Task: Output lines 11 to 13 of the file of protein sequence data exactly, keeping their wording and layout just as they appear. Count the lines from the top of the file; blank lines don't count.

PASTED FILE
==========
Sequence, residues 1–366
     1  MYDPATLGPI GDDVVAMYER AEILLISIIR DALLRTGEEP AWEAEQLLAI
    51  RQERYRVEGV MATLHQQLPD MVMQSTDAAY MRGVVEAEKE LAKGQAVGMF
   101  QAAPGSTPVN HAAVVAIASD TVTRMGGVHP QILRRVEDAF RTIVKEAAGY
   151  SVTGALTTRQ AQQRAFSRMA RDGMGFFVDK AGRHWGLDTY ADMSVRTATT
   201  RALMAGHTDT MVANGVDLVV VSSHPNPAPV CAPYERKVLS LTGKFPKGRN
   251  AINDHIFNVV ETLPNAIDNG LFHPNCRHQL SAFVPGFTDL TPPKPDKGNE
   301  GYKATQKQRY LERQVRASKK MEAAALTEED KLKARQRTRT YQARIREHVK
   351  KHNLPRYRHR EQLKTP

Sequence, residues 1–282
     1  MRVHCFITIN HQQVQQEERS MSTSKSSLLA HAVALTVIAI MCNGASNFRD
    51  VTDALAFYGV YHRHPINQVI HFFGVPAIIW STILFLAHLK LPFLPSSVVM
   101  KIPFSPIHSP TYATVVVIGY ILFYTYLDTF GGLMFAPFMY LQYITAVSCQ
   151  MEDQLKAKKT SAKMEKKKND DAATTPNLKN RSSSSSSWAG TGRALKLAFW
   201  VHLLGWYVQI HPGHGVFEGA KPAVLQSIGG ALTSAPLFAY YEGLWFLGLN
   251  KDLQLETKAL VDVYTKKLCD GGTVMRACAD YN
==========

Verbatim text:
     1  MRVHCFITIN HQQVQQEERS MSTSKSSLLA HAVALTVIAI MCNGASNFRD
    51  VTDALAFYGV YHRHPINQVI HFFGVPAIIW STILFLAHLK LPFLPSSVVM
   101  KIPFSPIHSP TYATVVVIGY ILFYTYLDTF GGLMFAPFMY LQYITAVSCQ